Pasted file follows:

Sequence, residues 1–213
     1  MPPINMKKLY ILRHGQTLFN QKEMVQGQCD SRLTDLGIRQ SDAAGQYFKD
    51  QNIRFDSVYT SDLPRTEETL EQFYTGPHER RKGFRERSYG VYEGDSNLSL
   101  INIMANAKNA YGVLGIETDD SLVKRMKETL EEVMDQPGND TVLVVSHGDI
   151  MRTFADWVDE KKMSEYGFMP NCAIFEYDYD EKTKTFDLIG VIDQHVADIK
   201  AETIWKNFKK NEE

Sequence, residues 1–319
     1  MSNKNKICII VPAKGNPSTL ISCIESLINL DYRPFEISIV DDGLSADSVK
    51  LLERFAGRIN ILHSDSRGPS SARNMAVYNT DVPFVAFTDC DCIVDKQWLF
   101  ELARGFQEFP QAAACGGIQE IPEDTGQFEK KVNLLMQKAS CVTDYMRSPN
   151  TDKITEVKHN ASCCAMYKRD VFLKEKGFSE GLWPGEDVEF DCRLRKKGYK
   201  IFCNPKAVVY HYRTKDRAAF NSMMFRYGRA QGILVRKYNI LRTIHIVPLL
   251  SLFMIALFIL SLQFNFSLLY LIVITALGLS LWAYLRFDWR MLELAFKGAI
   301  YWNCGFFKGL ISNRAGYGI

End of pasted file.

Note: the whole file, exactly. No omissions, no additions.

Sequence, residues 1–213
     1  MPPINMKKLY ILRHGQTLFN QKEMVQGQCD SRLTDLGIRQ SDAAGQYFKD
    51  QNIRFDSVYT SDLPRTEETL EQFYTGPHER RKGFRERSYG VYEGDSNLSL
   101  INIMANAKNA YGVLGIETDD SLVKRMKETL EEVMDQPGND TVLVVSHGDI
   151  MRTFADWVDE KKMSEYGFMP NCAIFEYDYD EKTKTFDLIG VIDQHVADIK
   201  AETIWKNFKK NEE

Sequence, residues 1–319
     1  MSNKNKICII VPAKGNPSTL ISCIESLINL DYRPFEISIV DDGLSADSVK
    51  LLERFAGRIN ILHSDSRGPS SARNMAVYNT DVPFVAFTDC DCIVDKQWLF
   101  ELARGFQEFP QAAACGGIQE IPEDTGQFEK KVNLLMQKAS CVTDYMRSPN
   151  TDKITEVKHN ASCCAMYKRD VFLKEKGFSE GLWPGEDVEF DCRLRKKGYK
   201  IFCNPKAVVY HYRTKDRAAF NSMMFRYGRA QGILVRKYNI LRTIHIVPLL
   251  SLFMIALFIL SLQFNFSLLY LIVITALGLS LWAYLRFDWR MLELAFKGAI
   301  YWNCGFFKGL ISNRAGYGI